Watching the landing at Edwards Air Force Base in the California desert, I found myself repeating the air-to-ground communications word-for-word because I'd had the STS-1 landing audio as my ringtone for several months last year. ("Welcome home, Columbia. Beautiful, beautiful!" "You want us to take it up to the hangar, Joe?" "We're gonna dust it off first.")

And with the landing scene, it's clear that a new era has arrived. Young and Crippen climb out to meet their wives and address the crowd, and celebration surrounds the landing strip. After the aforementioned unexpected parade, the film ends with a scene that no documentary about a prior space vehicle could have had--the Columbia launching again after being "dusted off", returning to orbit on STS-2. This isn't anything you've seen before--this is a reusable spacecraft! It proclaimed, the perfect note on which to end the film. The space shuttle is here.

Immediately afterwards, the boy whose laptop was connected to the projector ejected Hail Columbia! and popped in the DVD for The Dream is Alive. And while I'd never watched the two films back-to-back before, now I can't imagine any better way of viewing them. The very title of the later film comes from a comment given by Commander Young after the STS-1 landing, a comment we hear in those final moments of Hail Columbia! : "The dream is alive again".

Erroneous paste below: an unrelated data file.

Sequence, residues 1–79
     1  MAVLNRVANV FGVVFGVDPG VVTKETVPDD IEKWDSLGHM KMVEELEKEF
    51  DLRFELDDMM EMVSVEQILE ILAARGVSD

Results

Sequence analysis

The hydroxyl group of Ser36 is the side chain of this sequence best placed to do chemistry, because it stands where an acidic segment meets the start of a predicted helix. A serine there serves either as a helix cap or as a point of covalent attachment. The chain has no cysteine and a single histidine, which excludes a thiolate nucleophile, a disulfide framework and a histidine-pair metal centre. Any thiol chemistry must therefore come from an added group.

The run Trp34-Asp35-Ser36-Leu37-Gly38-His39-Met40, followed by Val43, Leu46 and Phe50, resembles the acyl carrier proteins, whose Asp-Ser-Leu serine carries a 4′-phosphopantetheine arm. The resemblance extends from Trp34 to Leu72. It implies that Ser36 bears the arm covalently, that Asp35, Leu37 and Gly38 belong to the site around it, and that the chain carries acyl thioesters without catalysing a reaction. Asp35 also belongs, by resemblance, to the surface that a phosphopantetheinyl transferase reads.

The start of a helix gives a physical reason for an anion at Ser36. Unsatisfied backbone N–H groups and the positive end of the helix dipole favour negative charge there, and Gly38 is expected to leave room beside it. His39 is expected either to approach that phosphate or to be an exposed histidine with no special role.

I first saw The Dream is Alive at Space Camp, during my first summer of Advanced Space Academy, and I didn't go in with very high hopes based on what my councilors had told us--it was filmed long before the construction of the International Space Station, it featured astronauts who had died in the Challenger disaster, etc. But I was wrong. Space Station and Hubble 3-D are excellent documentaries about the ISS and Hubble and the shuttle's role in servicing them, but when it comes to an IMAX film ONLY about the space shuttle itself, The Dream is Alive is still the best there is. (It's been described as "the next best thing to being there", but I wouldn't know, because I've never been in orbit!)

It's incredible right from the very start--the credits are shown in sky blue against a black background as the cries of seabirds echo. The film's name appears, and then we see to a quiet scene of the swamps around the Kennedy Space Center, tinged pink and gold by the sunrise, with alligators and herons going about their business. The bird calls continue to echo. Watching in a theater, you wonder if you haven't accidentally stumbled into the wrong IMAX showing and caught a nature documentary instead. ("This isn't space!" One of the BUAS members muttered.)